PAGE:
The House of Lords Economic Affairs select committee has recently published the final report from its official inquiry into the economics of the UK housing market (to which IF, along with many other expert parties, submitted evidence). The report argues that the government’s official target for housebuilding is too low, and recommends some radical solutions to help address the problem.
300,000 new homes per year
The select committee’s report, Building more homes, is extremely critical of current housing policies which, it argues, will do little to address Britain’s housing crisis. First and foremost, it criticises the Conservative government’s official target of building 1 million new homes in England between 2015 and 2020, which, the committee says, is 100,000 per year lower than the real target should be in order to keep up with rising demand.
Of course, given that voices from the housing industry have recently said they believe the official target is unviable (not to mention that the housing minister who originally announced it has since claimed it was never meant to be a binding target to begin with), one could question the point of recommending a higher target which seems to have very little chance of realistically being achieved.
However, the select committee’s other criticisms of government policy do seem to carry more weight. Firstly, they argue that the government has kept housing output lower than it should be by restricting local authorities’ power to borrow money – despite record low interest rates – to build housing when they can borrow to invest in other things, such as swimming pools. Secondly, they accuse the government of creating a counterproductive sense of uncertainty within the housing sector through its repeated interventions in various policy areas, such as changing tax rules and subsidies for house purchases, enforcing reductions in social rents, and extending the Right to Buy. In sum, these have discouraged affordable housing providers from building more homes by making it harder to predict returns on investment.
Thirdly, they accuse the government of focusing on housing policies which are designed to encourage owner-occupation, such as Starter Homes (under which developers will be allowed to build homes for sale at a discount to young first-time buyers directly in place of previous requirements to build sub-market rental accommodation), to the detriment of the large numbers of people for whom owner-occupation will simply never be economic.
The most radical solution which the committee recommends in their report is lifting the caps on local authority borrowing to finance house building, so that they can resume their historic role as major providers of affordable housing. They argue that the time is ripe for these two reasons: record low interest rates have made public sector borrowing exceptionally cheap; and the incoming Conservative government has announced the abandonment of its fiscal targets, so it should be more willing to allow borrowing that contributes to investment in vital public assets.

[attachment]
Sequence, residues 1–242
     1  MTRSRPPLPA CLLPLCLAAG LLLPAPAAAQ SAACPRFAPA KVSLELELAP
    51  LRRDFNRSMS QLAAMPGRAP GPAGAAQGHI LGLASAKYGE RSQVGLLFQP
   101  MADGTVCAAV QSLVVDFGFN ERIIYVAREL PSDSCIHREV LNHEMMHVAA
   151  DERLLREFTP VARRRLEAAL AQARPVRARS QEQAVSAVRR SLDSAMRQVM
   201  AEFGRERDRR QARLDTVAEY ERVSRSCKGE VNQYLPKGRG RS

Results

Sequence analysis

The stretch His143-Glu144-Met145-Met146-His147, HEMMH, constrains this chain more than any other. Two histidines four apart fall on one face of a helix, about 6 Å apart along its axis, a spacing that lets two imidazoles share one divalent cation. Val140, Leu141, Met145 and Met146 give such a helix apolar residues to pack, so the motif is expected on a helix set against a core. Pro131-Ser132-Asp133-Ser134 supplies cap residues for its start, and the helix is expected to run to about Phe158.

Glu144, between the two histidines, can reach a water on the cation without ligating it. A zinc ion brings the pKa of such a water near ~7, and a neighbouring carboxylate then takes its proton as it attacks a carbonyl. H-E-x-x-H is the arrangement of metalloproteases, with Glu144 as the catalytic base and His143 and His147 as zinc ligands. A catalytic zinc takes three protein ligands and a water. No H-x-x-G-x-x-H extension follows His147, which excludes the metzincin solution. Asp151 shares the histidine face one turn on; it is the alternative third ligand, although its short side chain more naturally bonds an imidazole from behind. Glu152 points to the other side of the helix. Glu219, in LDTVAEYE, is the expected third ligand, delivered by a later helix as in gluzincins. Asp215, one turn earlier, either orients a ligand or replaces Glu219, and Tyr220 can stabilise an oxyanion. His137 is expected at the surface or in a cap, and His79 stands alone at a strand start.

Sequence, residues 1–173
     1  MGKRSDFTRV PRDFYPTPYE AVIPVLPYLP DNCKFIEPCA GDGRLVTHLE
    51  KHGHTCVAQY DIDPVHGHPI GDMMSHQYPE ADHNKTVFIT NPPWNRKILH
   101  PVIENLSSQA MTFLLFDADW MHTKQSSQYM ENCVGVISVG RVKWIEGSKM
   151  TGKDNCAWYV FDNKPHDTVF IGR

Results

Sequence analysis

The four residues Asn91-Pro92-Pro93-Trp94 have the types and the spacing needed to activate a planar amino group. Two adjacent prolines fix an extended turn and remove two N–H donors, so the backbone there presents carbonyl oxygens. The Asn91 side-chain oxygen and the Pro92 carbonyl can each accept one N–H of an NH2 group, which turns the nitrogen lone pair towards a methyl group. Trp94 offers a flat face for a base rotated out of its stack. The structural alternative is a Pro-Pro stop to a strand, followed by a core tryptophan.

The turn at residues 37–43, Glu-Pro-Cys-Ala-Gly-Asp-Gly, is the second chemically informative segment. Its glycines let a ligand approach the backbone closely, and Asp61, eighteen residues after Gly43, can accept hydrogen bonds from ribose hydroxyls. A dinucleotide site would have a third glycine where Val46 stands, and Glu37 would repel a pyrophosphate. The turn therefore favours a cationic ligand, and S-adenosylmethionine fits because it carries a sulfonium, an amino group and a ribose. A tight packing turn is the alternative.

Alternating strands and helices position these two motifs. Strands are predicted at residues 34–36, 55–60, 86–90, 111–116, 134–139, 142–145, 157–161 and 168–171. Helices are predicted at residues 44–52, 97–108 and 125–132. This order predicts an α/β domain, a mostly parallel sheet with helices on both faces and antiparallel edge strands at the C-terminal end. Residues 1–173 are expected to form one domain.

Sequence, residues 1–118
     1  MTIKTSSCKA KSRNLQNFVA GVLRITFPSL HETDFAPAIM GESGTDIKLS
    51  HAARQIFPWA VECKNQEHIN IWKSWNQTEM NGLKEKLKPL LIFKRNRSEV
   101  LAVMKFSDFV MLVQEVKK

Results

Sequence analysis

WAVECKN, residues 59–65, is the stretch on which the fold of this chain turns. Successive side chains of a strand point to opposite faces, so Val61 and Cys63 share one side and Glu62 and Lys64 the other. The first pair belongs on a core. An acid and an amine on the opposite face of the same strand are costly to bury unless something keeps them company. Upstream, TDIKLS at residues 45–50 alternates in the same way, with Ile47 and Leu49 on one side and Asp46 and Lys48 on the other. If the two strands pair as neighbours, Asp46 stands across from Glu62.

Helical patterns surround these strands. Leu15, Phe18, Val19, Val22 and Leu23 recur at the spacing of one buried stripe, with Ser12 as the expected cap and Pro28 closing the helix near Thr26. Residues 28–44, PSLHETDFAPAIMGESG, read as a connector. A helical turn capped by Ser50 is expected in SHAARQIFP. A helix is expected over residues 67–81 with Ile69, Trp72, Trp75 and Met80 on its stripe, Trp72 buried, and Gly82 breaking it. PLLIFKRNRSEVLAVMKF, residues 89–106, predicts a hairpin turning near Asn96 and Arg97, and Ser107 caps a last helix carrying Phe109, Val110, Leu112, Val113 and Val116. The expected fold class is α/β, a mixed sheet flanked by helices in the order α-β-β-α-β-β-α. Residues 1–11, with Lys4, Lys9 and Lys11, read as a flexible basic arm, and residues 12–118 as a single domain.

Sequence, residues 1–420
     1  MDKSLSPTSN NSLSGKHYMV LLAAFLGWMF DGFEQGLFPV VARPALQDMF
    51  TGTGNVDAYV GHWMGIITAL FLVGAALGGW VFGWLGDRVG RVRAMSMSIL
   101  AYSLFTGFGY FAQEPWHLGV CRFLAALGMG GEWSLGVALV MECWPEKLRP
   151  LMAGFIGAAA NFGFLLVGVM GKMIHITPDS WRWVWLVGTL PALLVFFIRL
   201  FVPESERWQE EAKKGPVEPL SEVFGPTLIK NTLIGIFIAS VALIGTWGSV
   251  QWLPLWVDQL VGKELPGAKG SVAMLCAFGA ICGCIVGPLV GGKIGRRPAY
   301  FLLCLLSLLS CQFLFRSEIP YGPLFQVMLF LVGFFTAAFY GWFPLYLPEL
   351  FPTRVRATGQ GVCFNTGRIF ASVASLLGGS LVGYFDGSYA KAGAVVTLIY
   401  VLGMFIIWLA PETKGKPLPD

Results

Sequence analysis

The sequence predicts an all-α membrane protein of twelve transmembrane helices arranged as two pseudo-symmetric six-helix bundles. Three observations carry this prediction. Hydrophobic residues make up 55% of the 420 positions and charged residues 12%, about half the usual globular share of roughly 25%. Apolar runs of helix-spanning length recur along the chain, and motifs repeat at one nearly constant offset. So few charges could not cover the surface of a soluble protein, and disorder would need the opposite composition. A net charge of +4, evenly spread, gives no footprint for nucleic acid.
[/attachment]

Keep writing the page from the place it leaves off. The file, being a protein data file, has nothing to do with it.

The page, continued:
What’s interesting about this recommendation is that it stems from the committee’s conclusion that the private house building industry on its own won’t be able to solve the UK’s housing crisis. As their report puts it:
“The Government’s reliance on private developers to meet its target of new homes is misguided. The private sector housebuilding market is oligopolistic with the eight largest builders building 50% of new homes. Their business model is to restrict the volume of housebuilding to maximise their profit margin.”
A similar theme runs through the report’s two other main recommendations as well: they argue that local authorities should be allowed to levy council tax on sites where developers who have received planning permission don’t start building within a specified time frame; and they also argue that local authorities should be allowed to charge housing developers higher fees for processing planning applications, to remedy the enormous cuts which local authority planning departments have suffered over the past five years.
The big question facing this report is whether the new Conservative administration will be any more receptive to such statist solutions to the housing crisis than its predecessor was. Unfortunately, with the housing market potentially facing a Brexit-induced downturn, it’s hard to see the private sector becoming any more keen to invest in the near future.